A film about Podlasie’s magic
"Cząstka Podlasia" (A Touch of Podlasie), a film by three artists about their region, makes the viewers in Poland curious even before its official premiere on 18 December 2014, and is collecting invites for film festivals. “This is the longing for the mystical East,” say the directors.
A bison herd huddle in a snowstorm, the sun dawns over a river covered by ice float, and a morning fog rises above the fields. The trailer of Cząstka Podlasia slowly takes us from the winter to succulent colours of the summer, from the land of the animals with cranes flying above the lake’s surface and moose nibbling on leaves, to the world of humans – often elderly, leaning down, bundled up with embroidered scarves, but unusual.
Podlasie, a historical region in eastern Poland, covers the parts of three provinces: Podlaskie, Lubelskie, and a tiny portion of Mazowieckie. Named after its dense forests, it is viewed as the most pristine Polish region to this day. It is also called “Kresy” (the borderlands), a name it derives from the close proximity to the border. The accent of its people is called “kresowy,” due to its softness and similarity to Russian.
In Podlasie, a lot of people speak fluent Belarusian and the so-called “chachłacki” language (“simple, vernacular”)—a mixture of Polish, Russian, Belarusian and Ukrainian.
Apart from Eastern Orthodox, whose number is highest in the country, and Catholics the region is also inhabited by the Muslim minority—the Tatars, who settled in Podlasie at the end of the 17th century in the Suwalki Region, where you can still find mosques and burial mounds to this day. Podlasie, being a melting pot, links cultures, customs, culinary traditions and religions like nowhere else in Poland. Catholics and Eastern Orthodox coexist peacefully with the Muslims and a sparse population of Jews, and pagan beliefs mix with religious dogmas.
In certain places of Podlasie, “breaking the spells,” scaring off the lightning and fires with a wax candle lit during the storm, or tying of red threads on little children’s wrists to ward off the evil powers is still being practised.
Zdzisław Folga, Paweł Jankowski and the score’s author Marek Kubik were trying to show in Cząstka Podlasia every feature of this magical land. Today, they are finishing their work on the 36-minute document, in which, just like in the cult Baraka by Rob Fricke from 1992, not a single word is said.
“The music is the narrator, a medium which tells the story of Podlasie’s magic and its borderland traits best. Music also tells us about the Eastern state of the soul,” Zdzisław Folga, a photographer by trade, tells Polska.pl.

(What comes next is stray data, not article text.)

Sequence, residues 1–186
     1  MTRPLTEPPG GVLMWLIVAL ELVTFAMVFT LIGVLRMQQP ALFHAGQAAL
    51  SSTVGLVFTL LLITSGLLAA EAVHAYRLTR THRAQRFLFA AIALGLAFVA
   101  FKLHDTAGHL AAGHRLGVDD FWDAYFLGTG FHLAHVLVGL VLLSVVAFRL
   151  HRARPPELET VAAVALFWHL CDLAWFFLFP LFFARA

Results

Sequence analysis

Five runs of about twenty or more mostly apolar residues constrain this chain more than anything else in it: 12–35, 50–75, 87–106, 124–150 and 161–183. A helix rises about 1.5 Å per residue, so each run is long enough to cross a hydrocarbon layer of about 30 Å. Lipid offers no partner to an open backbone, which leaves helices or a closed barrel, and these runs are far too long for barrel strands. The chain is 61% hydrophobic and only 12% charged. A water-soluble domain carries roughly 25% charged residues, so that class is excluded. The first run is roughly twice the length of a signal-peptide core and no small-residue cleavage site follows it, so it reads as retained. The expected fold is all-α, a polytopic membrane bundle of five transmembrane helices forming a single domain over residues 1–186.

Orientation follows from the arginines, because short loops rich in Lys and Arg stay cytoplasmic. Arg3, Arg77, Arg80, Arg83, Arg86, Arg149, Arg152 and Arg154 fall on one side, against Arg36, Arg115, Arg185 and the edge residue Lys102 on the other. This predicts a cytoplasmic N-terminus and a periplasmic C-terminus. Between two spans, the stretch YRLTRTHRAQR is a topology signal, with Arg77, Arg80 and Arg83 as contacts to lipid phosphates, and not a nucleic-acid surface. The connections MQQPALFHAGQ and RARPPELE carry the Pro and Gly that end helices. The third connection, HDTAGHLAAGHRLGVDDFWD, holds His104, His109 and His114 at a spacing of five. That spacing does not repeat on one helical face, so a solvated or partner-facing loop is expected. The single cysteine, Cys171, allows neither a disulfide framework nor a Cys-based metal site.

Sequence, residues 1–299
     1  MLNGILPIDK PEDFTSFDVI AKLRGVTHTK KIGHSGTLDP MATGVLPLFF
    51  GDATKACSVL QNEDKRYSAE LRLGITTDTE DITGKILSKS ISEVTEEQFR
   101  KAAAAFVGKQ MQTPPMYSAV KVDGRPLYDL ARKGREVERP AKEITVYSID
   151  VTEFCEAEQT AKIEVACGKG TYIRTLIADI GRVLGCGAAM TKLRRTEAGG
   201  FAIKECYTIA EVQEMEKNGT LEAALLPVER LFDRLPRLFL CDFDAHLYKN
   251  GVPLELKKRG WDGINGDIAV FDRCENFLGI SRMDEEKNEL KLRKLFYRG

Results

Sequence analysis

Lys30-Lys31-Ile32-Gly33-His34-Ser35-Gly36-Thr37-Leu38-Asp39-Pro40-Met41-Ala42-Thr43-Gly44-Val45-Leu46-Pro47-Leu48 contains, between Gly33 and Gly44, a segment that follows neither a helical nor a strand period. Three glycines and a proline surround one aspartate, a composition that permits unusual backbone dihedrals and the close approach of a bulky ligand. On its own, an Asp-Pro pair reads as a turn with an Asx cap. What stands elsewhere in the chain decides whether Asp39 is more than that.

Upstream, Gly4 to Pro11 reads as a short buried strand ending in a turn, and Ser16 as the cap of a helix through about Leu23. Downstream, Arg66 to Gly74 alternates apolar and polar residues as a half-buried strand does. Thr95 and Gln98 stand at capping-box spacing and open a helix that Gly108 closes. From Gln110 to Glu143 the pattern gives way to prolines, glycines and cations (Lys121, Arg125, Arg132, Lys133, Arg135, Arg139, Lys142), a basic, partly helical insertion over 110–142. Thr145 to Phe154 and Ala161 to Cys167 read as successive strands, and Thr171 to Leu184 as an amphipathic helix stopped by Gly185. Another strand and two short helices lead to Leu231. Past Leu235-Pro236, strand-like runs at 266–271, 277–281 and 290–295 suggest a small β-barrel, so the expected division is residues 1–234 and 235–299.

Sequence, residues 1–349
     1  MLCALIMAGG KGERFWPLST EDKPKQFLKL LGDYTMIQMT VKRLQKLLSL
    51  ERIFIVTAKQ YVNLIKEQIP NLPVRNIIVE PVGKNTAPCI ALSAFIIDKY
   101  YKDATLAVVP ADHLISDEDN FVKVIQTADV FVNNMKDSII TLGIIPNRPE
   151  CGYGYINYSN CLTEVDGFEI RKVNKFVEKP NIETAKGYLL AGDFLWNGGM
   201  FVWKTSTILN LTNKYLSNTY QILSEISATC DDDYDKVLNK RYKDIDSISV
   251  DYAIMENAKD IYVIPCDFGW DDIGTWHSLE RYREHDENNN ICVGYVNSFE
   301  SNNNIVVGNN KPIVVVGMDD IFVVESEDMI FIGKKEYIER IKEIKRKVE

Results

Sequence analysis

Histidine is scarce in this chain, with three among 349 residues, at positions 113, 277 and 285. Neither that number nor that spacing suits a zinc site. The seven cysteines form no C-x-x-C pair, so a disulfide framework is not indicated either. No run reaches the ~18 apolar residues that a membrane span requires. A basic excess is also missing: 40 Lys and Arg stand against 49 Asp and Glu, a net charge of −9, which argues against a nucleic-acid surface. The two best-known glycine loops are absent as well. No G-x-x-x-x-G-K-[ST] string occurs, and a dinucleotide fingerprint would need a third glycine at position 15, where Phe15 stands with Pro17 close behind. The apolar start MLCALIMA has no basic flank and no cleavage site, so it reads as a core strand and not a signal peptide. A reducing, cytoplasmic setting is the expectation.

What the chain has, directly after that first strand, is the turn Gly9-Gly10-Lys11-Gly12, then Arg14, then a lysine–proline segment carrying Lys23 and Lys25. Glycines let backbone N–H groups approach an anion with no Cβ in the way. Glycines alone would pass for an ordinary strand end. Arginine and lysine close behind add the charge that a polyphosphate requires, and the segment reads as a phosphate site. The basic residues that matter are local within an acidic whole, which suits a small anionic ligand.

The spirit of the East is best conveyed by everyday lives of the region’s native inhabitants: the adherents of Eastern Orthodoxy, who each summer attend a pilgrimage to the holy mountain Grabarka, going the last metres down on their knees, and Orthodox and Catholic priests blessing the garlands on the Assumption of the Blessed Virgin Mary—the tiny and the most embellished ones, twined from traditional herbs gathered at dawn by “apothecary wenches,” i.e. village healers.
“We wanted to show the people who will soon be gone and the life of the real countryside, that can still be found in a few places in the East, but which inevitably drifts into oblivion,” says Mr Folga.
Cząstka Podlasia was conceived as a short film running at a few minutes, but after its first trailer compiled a year ago, the film surpassed half an hour in length. And from the material talking just about the area around the Narwia and the Biebrza Rivers, the film grew into a story about Podlasie, the region’s customs and beauty. Even the nature of the project—produced in spare time as a break from everyday life—turned into a magnum opus which now has a chance for commercial success.
For now, the authors are not planning a wider distribution of the film, although they did receive a couple of invitations for film festivals, and Facebook fans are more and more interested in knowing when will they be able to see Cząstka Podlasia in their neck of the woods.
“We have met our viewers’ expectations. More and more people are heading East, they want to take a peek into the lives of native inhabitants of Podlasie, to get to know their traditions, beliefs and their mystical side,” says Mr Folga.
The directors’ work is mainly followed by their fans on Facebook, but they did not let the authors down in the real world, either—tickets for the premiere of Cząstka Podlasia at the Helios Cinema in Bialystok have already sold out.